Pagan said in court documents, “the defendant suffers from PTSD and depression ...”
In a third passage read by Gmoser, Carter allegedly writes, “I know I will bury the body in the backyard, no I’ll bury it under the trailer and wait until the grass grows over it and leave before anyone reports it missing. Yes, that’s a great idea.”
Gmoser then told the judge the evidence is that Katelyn Markham’s remains were found years after she disappeared “in a bag 30 miles from her residence.”
“This body was meant to disappear and never to be found,” Gmoser said. He again referred to the anthropologist’s report stating, “the place where the body was ultimately found was probably not the place where the body was first deposited.”
Judge Dan Haughey noted Carter has strong family ties to the community, his employment and the seriousness of the charge during the arraignment before setting bond at $1 million cash, property or surety.
Pagan entered a not guilty plea to the charge of murder on Carter’s behalf. He is scheduled to be back in court next week for a pretrial hearing.
It took 12 years of investigation by multiple police agencies before the Butler County Prosecutor’s Office arrested Carter, 34, on March 22 in Markham’s death. Her remains were found in Indiana in 2013.
Dave Markham said after learning his late daughter’s fiancé was behind bars and charged with her murder, he always suspected Carter had something to do with his daughter’s death.
“I chose my words very carefully in the past,” Dave Markham told the Journal-News.
He believes his daughter may have been trying to get away from her relationship with Carter in 2011, and that’s when everything went wrong.
Carter is charged with two counts of murder under two sections of the law. The prosecution is not alleging Carter is responsible for two deaths.
According to the grand jury indictment from March 13 that was unsealed Thursday, one count is for the alleged purposeful killing, and the other is allegedly killing a person while committing a felony.
Carter’s arrest came nearly a month after Jonathan Palmerton was indicted for perjury. He is a friend of Carter’s and a member of a tight circle of friends that included Markham.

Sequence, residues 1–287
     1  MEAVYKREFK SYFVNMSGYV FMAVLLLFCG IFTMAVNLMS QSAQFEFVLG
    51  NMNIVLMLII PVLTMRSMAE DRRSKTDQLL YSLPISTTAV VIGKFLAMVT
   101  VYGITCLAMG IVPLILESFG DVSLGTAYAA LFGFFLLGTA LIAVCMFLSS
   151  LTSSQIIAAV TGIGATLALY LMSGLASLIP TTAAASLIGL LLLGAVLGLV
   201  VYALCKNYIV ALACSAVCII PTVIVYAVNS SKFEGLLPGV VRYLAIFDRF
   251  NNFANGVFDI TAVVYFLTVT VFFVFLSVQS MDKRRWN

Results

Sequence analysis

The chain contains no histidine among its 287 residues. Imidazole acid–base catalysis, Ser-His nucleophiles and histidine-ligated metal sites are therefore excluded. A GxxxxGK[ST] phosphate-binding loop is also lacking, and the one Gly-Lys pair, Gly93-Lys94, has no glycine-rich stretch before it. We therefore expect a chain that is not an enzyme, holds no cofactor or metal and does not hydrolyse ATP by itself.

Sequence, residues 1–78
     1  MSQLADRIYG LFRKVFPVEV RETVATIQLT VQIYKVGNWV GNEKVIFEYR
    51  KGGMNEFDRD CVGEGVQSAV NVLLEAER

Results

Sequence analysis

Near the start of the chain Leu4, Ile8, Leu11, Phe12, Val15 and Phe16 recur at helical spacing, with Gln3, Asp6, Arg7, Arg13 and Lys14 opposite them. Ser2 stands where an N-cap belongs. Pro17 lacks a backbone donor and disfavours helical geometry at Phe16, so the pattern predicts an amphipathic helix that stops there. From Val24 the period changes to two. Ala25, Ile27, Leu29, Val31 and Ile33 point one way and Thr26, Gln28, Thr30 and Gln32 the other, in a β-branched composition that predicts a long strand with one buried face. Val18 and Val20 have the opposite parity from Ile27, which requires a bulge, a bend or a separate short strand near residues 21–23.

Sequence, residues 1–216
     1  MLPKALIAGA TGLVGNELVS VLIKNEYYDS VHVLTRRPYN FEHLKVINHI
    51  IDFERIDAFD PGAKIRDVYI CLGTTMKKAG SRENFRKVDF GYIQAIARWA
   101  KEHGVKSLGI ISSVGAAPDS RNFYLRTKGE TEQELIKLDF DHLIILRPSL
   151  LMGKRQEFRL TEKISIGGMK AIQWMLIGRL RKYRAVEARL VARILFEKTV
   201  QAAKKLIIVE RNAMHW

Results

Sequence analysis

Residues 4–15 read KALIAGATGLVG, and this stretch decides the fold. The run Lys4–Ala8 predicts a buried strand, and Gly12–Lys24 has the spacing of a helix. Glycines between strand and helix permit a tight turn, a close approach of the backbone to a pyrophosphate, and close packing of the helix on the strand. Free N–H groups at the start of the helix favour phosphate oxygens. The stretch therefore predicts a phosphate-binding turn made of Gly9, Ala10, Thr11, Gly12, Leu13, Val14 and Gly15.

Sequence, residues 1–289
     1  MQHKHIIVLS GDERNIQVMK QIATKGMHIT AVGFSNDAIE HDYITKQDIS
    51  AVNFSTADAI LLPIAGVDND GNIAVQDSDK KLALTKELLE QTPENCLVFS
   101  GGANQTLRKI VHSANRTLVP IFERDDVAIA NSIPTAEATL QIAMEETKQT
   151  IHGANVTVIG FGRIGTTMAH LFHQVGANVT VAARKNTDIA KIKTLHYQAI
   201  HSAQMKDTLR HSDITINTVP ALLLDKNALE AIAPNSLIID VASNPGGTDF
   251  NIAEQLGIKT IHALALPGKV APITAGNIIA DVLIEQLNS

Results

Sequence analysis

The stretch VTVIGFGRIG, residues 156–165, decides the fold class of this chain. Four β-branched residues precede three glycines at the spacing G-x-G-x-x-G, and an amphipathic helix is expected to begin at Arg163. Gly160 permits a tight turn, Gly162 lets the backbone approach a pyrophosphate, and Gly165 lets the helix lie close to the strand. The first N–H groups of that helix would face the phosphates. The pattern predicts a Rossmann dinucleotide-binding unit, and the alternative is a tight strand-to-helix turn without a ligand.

Markham was a 22-year-old art student when she vanished in August 2011. Her skeletal remains were found April 7, 2013, in a remote wooded area in Indiana about 30 miles from her home. Her death was ruled a homicide, but the cause of death has not been determined, and remained unsolved until Wednesday.
Palmerton, 35, of Fairfield, has a pre-trial hearing April 20. He is free on $50,000 bond set by Butler County Common Pleas Judge Jennifer McElfresh.
On Feb. 17, search warrants were executed at Carter’s former Fairfield residence where his mother lives and other residences of relatives of friends, according to Gmoser. Investigators from his office and the Fairfield Police Department also dug up yards looking for evidence, which was taken from the yards and homes.
Evidence was taken from the yards and homes. But Carter was not arrested at that time. Palmerton was arrested Feb. 17 when he showed up for work at a Fairfield restaurant.
What happened to Katelyn Markham and how she died has remained a mystery, despite a $100,000 reward and the efforts of multiple police agencies, private detectives, television shows and a movie.
Markham’s disappearance in August 2011 was treated as a missing person case by Fairfield police when she vanished from her Dorshire Drive residence. She did not show up for work at David’s Bridal near Tri-County Mall.
Carter, called 911 to report her missing. In the call Carter said, “I know you’re not supposed to report a missing person before 24 hours, but my fiancée is missing, and I can’t find her anywhere.”
Markham left her car, keys, dog, and all personal belongings with the exception of her cellphone, at her townhouse. Her cellphone was turned off at about 12:45 a.m. Aug. 14, 2011. The GPS device on her phone also was turned off.
Police and volunteers searched for months and then years for the missing woman.
About the Author